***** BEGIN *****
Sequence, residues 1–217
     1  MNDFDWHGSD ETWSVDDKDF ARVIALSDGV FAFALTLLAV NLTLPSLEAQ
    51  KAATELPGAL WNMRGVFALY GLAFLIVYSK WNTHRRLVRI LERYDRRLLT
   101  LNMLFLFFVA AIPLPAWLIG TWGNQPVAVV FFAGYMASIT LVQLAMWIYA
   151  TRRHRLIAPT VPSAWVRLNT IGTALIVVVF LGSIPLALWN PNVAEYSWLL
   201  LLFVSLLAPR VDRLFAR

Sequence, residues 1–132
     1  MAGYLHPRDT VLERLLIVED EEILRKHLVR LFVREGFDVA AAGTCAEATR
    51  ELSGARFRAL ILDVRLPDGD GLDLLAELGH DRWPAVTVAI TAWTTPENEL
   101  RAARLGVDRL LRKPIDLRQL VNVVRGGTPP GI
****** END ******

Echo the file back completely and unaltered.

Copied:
Sequence, residues 1–217
     1  MNDFDWHGSD ETWSVDDKDF ARVIALSDGV FAFALTLLAV NLTLPSLEAQ
    51  KAATELPGAL WNMRGVFALY GLAFLIVYSK WNTHRRLVRI LERYDRRLLT
   101  LNMLFLFFVA AIPLPAWLIG TWGNQPVAVV FFAGYMASIT LVQLAMWIYA
   151  TRRHRLIAPT VPSAWVRLNT IGTALIVVVF LGSIPLALWN PNVAEYSWLL
   201  LLFVSLLAPR VDRLFAR

Sequence, residues 1–132
     1  MAGYLHPRDT VLERLLIVED EEILRKHLVR LFVREGFDVA AAGTCAEATR
    51  ELSGARFRAL ILDVRLPDGD GLDLLAELGH DRWPAVTVAI TAWTTPENEL
   101  RAARLGVDRL LRKPIDLRQL VNVVRGGTPP GI